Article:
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Re: Bannockburn 2014

Posted: Wed Mar 05, 2014 8:29 pm
by guthrie
I would like to handle the originals in the Burrell collection, but I expect they are too weak to be swung around. Rather blade heavy loooking anyway. Maybe you have a replica?

Re: Bannockburn 2014

Posted: Wed Mar 05, 2014 8:54 pm
by Biro
Mark, that was terrible!

Re: Bannockburn 2014

Posted: Wed Mar 05, 2014 9:43 pm
by Ayliffe's Steve
guthrie wrote:Steve - lots of us can be entertaining. It's just that it is nice if it's also somewhat accurate in its portrayal of the past.


So are they not accurate?

Re: Bannockburn 2014

Posted: Mon Mar 10, 2014 3:41 pm
by DeMaule
Bannockburn seems like an uneven event, qualitywise, an judging from this thread it has been the previous times too. But the name alone, and anniversary, is big enough to attract some people. I don't know about the continental group, but I know that there will be both Swedish, Danish and Norwegian reenactment groups coming. We would have liked the event to be very authentic, but I guess it will be a little bit of everything. But on the other hand, the sheer distance is going to be enough to make this quite an adventure... :P

Re: Bannockburn 2014

Posted: Wed Mar 19, 2014 11:01 pm
by JG Elmslie
A little earlier today, on seeing a fairly dire photo of "King Edward" and "Robert the Bruce" produced by Clanranald, a little imp of the perverse made me comment on it, pointing out that for supposedly portraying early 14th C nobility, both people were wearing completely inaccurate knee-length boots and trousers, with no chausses, and no poleyns.

(I decided that pointing out other errors in the outfits, like that "Edward's" couters with rondels are a style that's not seen till about 1340 in effigies, or any of the similar details would be overkill)

The comment got deleted within a few hours and I was blocked from any future comments. Sort of shows the complete lack of interest Clanranald have in any historic accuracy.
I fear it will be a wangfest of the worst possible sort.

--

Guthrie, I've been planning to get my rotten hands on those XIIIa's in the Burrell for a while, to take measurements and get details of some of the inlays (last time I was meant to, it had to be scrapped at the last moment due to a shortage of assistants.), If you'd like to be there for a study of them, want me to let you know when I finally arrange with Ralph to get them out the cabinet, and you can join us?

Re: Bannockburn 2014

Posted: Thu Mar 20, 2014 2:17 pm
by guthrie
James, yes, I'd love to, although it all depends on time and date etc. I might know one or two others who would be interested, how many can they accomodate?

Re: Bannockburn 2014

Posted: Thu Mar 20, 2014 2:26 pm
by Mark Griffin
That would be a trip worth going to. Interested in swords? then get Toby or Ralph to open some cases. Go handle the real thing, don't look at books or wave blunt stuff around. It ain't the same!

Re: Bannockburn 2014

Posted: Thu Mar 20, 2014 6:15 pm
by guthrie
Mark Griffin wrote:That would be a trip worth going to. Interested in swords? then get Toby or Ralph to open some cases. Go handle the real thing, don't look at books or wave blunt stuff around. It ain't the same!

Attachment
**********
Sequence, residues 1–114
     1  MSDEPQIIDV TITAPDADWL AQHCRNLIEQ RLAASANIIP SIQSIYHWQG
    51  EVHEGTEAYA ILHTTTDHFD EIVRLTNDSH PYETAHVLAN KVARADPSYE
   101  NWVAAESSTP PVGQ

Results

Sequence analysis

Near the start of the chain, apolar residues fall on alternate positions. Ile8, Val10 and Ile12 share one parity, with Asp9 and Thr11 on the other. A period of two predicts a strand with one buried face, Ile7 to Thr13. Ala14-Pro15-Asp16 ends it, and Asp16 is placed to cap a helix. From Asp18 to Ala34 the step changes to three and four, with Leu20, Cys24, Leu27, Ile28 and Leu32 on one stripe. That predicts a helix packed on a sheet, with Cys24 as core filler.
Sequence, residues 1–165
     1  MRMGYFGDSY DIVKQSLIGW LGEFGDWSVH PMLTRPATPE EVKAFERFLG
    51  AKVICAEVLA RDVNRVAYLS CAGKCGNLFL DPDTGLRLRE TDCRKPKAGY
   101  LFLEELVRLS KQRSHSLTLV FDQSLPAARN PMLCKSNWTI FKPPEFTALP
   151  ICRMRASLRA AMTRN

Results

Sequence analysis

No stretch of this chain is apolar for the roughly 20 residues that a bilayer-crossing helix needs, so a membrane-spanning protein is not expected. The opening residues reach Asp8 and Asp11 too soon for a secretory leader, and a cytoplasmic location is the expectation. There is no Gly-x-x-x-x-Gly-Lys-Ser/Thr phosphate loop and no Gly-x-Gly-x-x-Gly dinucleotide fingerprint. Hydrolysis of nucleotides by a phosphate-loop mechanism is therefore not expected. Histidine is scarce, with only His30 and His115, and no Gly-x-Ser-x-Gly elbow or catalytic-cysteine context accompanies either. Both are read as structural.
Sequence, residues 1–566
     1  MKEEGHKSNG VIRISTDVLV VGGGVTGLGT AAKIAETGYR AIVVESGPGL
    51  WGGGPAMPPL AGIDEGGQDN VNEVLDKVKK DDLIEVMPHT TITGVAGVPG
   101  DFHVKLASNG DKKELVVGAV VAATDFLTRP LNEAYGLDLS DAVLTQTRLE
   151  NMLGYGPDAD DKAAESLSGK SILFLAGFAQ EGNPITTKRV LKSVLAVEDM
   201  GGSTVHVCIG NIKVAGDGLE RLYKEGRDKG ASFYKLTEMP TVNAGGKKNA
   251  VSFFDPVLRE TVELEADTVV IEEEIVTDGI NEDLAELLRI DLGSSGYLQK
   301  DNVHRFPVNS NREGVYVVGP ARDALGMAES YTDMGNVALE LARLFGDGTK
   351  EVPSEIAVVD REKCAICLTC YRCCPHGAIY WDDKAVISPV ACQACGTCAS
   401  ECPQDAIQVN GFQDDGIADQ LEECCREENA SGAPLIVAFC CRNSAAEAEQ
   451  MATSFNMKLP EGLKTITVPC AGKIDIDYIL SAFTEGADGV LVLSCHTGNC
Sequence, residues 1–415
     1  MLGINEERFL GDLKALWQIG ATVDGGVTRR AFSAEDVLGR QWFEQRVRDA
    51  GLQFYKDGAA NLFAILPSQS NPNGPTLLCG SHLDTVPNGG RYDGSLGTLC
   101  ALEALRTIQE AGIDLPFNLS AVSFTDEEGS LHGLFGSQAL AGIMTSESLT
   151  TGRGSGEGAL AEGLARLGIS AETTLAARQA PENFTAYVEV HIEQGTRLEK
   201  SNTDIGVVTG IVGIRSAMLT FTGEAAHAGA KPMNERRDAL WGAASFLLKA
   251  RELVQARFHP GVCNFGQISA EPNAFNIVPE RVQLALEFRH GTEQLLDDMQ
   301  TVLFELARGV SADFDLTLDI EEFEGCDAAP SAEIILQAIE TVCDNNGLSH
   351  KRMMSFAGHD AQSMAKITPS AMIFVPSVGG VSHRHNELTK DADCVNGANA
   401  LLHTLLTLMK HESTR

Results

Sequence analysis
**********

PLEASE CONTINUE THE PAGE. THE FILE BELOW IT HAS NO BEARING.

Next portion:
Oh yes, I still recall the handling opportunity at the Royal Armouries in Leeds one SWASH a few years ago.

Re: Bannockburn 2014

Posted: Fri Mar 21, 2014 4:22 pm
by Dave B
guthrie wrote:Oh yes, I still recall the handling opportunity at the Royal Armouries in Leeds one SWASH a few years ago.


I did a couple of those. The thing that sticks with me was that I'd spent years telling people how our reenactment swords were, if anything, heavier than the real things because of the thick blunt edges, and then being given two genuine medieval swords to handle, one of which had heavier, more crowbarlike balance than a 90's reenctment truck leafspring. Then again the 18thC courtsword was lighter and livelier than a modern Epee. And as for putting on white gloves and turning the pages of Thibault and MS I33....

Re: Bannockburn 2014

Posted: Fri Mar 21, 2014 5:28 pm
by Fox
Dave B wrote:I did a couple of those. The thing that sticks with me was that I'd spent years telling people how our reenactment swords were, if anything, heavier than the real things because of the thick blunt edges, and then being given two genuine medieval swords to handle, one of which had heavier, more crowbarlike balance than a 90's reenctment truck leafspring.

It's very much the same with armour and helmets; people forget that it's usually the really good stuff that gets displayed and handled.

Re: Bannockburn 2014

Posted: Sat Jun 28, 2014 11:31 pm
by guthrie
Well, that's one day done, with an irritating amount of rain. Photos etc to come later.

Re: Bannockburn 2014

Posted: Mon Jun 30, 2014 3:08 pm
by Dave B

Re: Bannockburn 2014

Posted: Mon Jun 30, 2014 10:01 pm
by guthrie
OKay, so, Bannockburn. Basically, it was your normal sort of event. That's it. The ultimate shame of it all is that it was just another event. Various people put lots of hard work into it, but at the end of the day there were a bit over 100 on the field, some horses, some encampments showing LH stuff - essentially nothing new was done, nothing spectacular etc. It failed to live up to the hype.